Welcome to This Passing Day. I’m Mark Brunner. My friend, may I ask you a question today? When it comes to your relationship with God, is there ever any room for less than total honesty? Failing the test of total honesty when in God’s presence is particularly troubling. God forgives a humbug but will he tolerate one?

My friend, life’s a story, welcome to This Passing Day.

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I have four grandsons. The oldest is nearly thirteen, so he’s had years to accommodate himself to the nuances of knowing his Papa Brunner. The other three are getting there as well. I’ve always been a bit of a tease with my grandsons. When they visit me or I visit them they’ve come to expect a tall tale every now and then, a fabrication, a minor harassment or an outright humbug. I’m not sure where I picked up the habit and probably was similar interacting with my kids when they were young. Whatever the case, humbuggery with my grandsons is what I’ve come be known for. Recently I moved my aquarium from it’s traditional location in the kitchen to its new home in the Great Room. My oldest grandson was sitting at the table playing a card game and it suddenly struck me to comment on how beautiful the fish were today. It made him turn around to look and, of course, the tank was no longer there and he was staring at a potted plant instead. “Made you look!” He frowned as he turned back to his card game. It was a good humbug and I slyly smiled with satisfaction. He knows that I am always truthful when dealing with those things that really matter, but when it comes to those things that I can have fun with, he never knows what to expect.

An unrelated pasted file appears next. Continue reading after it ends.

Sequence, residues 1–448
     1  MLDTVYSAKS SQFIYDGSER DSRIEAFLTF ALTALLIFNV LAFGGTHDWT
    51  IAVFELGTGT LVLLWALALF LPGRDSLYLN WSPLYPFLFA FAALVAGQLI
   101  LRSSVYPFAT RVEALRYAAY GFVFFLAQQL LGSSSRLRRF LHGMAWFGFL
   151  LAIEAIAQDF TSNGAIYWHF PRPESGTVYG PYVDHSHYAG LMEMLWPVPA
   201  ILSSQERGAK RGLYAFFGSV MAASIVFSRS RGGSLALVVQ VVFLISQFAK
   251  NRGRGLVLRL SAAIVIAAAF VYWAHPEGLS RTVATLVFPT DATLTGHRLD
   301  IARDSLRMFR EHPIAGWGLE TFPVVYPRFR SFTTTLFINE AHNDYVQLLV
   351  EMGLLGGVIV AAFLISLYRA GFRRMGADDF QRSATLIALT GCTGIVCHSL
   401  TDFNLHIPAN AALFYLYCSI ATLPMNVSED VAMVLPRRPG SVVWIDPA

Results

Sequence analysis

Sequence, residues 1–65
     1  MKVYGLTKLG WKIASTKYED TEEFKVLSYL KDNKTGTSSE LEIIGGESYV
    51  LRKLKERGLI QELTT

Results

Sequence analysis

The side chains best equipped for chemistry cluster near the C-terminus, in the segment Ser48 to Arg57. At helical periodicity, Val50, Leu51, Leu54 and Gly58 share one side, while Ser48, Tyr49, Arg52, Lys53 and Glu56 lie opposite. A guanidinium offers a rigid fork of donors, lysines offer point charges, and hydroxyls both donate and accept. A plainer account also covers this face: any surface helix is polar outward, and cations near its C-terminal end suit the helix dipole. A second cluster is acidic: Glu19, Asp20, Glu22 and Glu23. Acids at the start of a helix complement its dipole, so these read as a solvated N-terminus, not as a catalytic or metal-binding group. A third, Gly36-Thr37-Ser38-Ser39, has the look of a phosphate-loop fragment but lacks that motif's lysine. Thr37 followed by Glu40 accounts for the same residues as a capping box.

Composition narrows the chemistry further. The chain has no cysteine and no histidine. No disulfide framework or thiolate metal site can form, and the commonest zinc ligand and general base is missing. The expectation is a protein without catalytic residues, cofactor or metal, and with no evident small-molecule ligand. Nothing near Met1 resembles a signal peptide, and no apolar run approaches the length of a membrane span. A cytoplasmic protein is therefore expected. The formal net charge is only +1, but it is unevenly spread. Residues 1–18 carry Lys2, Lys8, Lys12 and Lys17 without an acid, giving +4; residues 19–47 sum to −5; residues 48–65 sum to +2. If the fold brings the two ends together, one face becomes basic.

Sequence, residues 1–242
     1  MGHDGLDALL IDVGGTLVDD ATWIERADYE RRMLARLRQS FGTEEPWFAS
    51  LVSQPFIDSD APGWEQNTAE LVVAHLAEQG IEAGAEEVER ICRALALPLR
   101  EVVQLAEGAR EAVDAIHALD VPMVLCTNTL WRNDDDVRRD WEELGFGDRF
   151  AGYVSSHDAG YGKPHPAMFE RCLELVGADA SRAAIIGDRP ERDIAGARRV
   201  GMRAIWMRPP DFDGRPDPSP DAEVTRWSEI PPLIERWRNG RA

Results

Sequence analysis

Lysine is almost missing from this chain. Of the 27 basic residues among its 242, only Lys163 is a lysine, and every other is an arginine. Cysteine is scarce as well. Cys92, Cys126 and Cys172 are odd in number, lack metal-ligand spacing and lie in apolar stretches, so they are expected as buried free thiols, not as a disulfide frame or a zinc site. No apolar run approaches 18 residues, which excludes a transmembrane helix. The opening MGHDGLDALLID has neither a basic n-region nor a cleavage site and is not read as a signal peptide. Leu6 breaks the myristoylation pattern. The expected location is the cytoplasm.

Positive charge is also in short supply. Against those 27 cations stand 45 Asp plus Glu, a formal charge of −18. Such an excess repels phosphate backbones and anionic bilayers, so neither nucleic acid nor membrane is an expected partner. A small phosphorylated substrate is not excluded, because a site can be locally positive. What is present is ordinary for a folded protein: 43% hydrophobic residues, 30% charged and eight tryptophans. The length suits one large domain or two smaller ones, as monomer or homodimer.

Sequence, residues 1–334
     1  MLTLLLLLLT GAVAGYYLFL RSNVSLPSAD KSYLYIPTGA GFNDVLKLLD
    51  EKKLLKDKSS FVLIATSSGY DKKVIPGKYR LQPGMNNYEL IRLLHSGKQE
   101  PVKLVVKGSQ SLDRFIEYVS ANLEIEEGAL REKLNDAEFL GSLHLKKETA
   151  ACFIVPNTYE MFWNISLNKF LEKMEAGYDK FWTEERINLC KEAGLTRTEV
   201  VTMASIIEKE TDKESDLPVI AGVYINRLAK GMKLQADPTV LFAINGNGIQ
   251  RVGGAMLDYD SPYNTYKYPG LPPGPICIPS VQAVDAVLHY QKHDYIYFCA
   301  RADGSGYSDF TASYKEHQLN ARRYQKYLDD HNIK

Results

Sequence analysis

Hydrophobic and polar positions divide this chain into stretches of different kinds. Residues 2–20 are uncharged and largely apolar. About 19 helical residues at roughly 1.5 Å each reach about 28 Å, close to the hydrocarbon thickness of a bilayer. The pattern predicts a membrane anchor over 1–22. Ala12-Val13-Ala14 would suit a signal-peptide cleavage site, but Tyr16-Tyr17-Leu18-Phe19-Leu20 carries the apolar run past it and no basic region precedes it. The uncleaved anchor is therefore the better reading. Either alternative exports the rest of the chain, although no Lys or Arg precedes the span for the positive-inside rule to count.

Being a big of a humbug is fine as long as we don’t make that a habit which affects our honest relationship with others. However, when it comes to our relationship with God, there isn’t any room whatsoever for humbuggery. Failing the test of total honesty when in God’s presence is particularly troubling. God forgives a humbug but he won’t tolerate one.

Here’s a story. Dr. Madison Sarratt taught mathematics at Vanderbilt University for many years. Before giving a test, the professor would admonish his class something like this: “Today I am giving two examinations–one in trigonometry and the other in honesty. I hope you will pass them both. If you must fail one, fail trigonometry. There are many good people in the world who can’t pass trig, but there are no good people in the world who cannot pass the examination of honesty.” (George Sweeting)

Jesus taught in John 7:17 that . . . “If anyone chooses to do God’s will, he will find out whether my teaching comes from God or whether I speak on my own.” Jesus here is challenging you and I to be focused on the will of God; focused to the point where we can honestly say that we are tuned into God’s will with all of our heart and mind. Many approach God in a spirit of deception, a holy humbug of sorts, by an dishonest appraisal of self-guilt, and a flawed sense of complete co